LONDON (Reuters) - The government has torn up a deal awarding one of its biggest rail franchises to a private operator, in a humiliating U-turn that raises doubts about the government’s handling of the privatised railways.
Ministers froze three more rail franchise competitions on Wednesday after the Department for Transport (DfT) said that “completely unacceptable” flaws had been uncovered in its handling of bids to run the West Coast Main Line, a jewel in the crown of the rail network linking London and Scotland.
The debacle is damaging for the ruling Conservative Party, which began its programme of rail privatisations in the 1990s. The project has been dogged by fatal accidents, financial crises and political infighting.
“The extent of this catastrophe is breathtaking,” said industry commentator Christian Wolmar. “The whole rail industry is now apparently put on hold while a review of the process takes place.”
Rail operator FirstGroup Plc, the shares of which were down by 19 percent at 1236 GMT, bid 5.5 billion pounds to secure the 13-year franchise in August.
Virgin Trains, a venture between Richard Branson’s Virgin Group and Stagecoach, has run the West Coast service since 1997 and offered 4.8 billion pounds to continue doing so.
The company, which said it spent 14 million pounds preparing the bid, mounted a legal challenge after FirstGroup was awarded the contract. Virgin claimed that the winning bid was a “ridiculous” sum that would have bankrupted the company.
The Conservative-led coalition, trailing in the polls and accused by the Labour opposition of “shambolic incompetence”, is already under pressure over the stagnant economy, public spending cuts and an unpopular budget this year.
Transport Secretary Patrick McLoughlin said that his department’s mistakes would cost the taxpayer at least 40 million pounds, a relatively small but politically awkward sum at a time of recession and squeezed household budgets.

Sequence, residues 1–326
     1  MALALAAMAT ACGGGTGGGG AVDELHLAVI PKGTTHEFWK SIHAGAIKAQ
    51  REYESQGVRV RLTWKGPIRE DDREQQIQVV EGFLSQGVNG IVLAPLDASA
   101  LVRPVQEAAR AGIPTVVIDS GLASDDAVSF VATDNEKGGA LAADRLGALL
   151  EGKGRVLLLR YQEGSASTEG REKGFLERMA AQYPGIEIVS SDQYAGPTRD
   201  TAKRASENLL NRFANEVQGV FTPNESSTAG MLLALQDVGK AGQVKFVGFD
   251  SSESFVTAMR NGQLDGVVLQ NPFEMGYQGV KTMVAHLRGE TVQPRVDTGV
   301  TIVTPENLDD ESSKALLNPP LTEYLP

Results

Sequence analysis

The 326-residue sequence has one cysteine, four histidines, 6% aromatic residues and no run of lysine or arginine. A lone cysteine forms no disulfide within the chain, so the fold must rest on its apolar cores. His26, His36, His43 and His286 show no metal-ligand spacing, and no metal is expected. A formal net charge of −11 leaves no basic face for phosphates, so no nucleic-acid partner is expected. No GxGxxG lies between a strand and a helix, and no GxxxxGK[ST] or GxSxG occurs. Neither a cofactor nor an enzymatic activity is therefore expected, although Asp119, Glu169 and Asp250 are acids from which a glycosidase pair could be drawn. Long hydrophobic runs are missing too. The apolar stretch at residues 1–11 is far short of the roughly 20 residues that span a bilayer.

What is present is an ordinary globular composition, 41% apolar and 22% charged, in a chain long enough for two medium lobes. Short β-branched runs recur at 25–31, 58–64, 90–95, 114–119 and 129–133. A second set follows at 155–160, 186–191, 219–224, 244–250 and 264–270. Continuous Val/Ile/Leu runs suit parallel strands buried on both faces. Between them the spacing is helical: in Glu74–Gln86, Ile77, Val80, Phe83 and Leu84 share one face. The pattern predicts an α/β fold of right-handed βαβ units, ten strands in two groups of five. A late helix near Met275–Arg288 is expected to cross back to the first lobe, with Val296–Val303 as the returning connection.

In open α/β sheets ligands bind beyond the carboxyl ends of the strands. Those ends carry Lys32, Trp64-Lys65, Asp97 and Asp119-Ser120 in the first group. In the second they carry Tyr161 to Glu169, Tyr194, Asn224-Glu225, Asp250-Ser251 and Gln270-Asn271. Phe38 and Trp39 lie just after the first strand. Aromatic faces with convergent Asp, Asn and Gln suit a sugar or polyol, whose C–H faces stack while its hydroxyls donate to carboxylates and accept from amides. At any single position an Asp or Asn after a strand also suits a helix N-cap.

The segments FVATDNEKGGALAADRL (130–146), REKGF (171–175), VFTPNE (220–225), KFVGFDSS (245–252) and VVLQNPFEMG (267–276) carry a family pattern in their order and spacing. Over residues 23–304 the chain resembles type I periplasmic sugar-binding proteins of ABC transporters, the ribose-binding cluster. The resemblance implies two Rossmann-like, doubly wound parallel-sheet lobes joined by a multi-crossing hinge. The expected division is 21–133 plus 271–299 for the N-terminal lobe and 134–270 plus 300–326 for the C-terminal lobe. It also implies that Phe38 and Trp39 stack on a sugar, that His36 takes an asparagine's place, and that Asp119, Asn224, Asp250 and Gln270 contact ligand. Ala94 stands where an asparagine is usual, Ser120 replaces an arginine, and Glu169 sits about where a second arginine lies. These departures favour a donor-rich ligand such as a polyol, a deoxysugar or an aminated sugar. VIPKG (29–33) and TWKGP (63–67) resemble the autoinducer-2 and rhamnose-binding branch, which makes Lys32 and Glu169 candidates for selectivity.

“I have had to cancel the competition for the running of the West Coast franchise because of deeply regrettable and completely unacceptable mistakes made by my department in the way it managed the process,” McLoughlin said.
The government said that evidence of mistakes related to the calculation of risks in the bids was uncovered during preparations for the Virgin legal challenge. Three employees in the transport department were suspended.
McLoughlin’s position looks safe, however, having replaced Justine Greening as transport minister only last month in a government reshuffle.
The DfT will no longer award a contract to run the West Coast service when the current contract expires on December 9. Trains will continue to run with the same drivers, staff and timetables while the problems are resolved, the government said.
Most of the rail network was in public hands between 1948 and the mid-1990s, though Britain’s passenger rail services are now operated by 16 private train operating companies that have signed legal contracts with the government.
Three active rail franchise competitions have been suspended pending an investigation. Nine more franchises were due to be awarded in the next three years, though the timetable is likely to slip.
“The direct impact clearly falls on FirstGroup, where the shares had priced in the franchise win,” said Jefferies analyst Joe Spooner. The franchising delay would also be bad for UK transport groups Go-Ahead and National Express, who are shortlisted in the contests, he added.
The RMT rail union called for an end to the “sorry and expensive shambles” of privatisation, while Labour transport spokeswoman Maria Eagle said: “The West Coast rail franchise fiasco has yet again exposed the shambolic incompetence of this Tory-led government.”
FirstGroup said that it learned of the reversal late on Tuesday and had no previous signal that the process was flawed. “We submitted a strong bid, in good faith and in strict accordance with the DfT’s terms,” the company said.
Branson’s Virgin Rail welcomed the decision. “We’re ready to play a full part in assisting the review to help deliver a franchising system that better serves passengers, taxpayers and the interests of all bidders,” it said.
Additional reporting by Rosalba O'Brien and Rhys Jones; Editing by David Goodman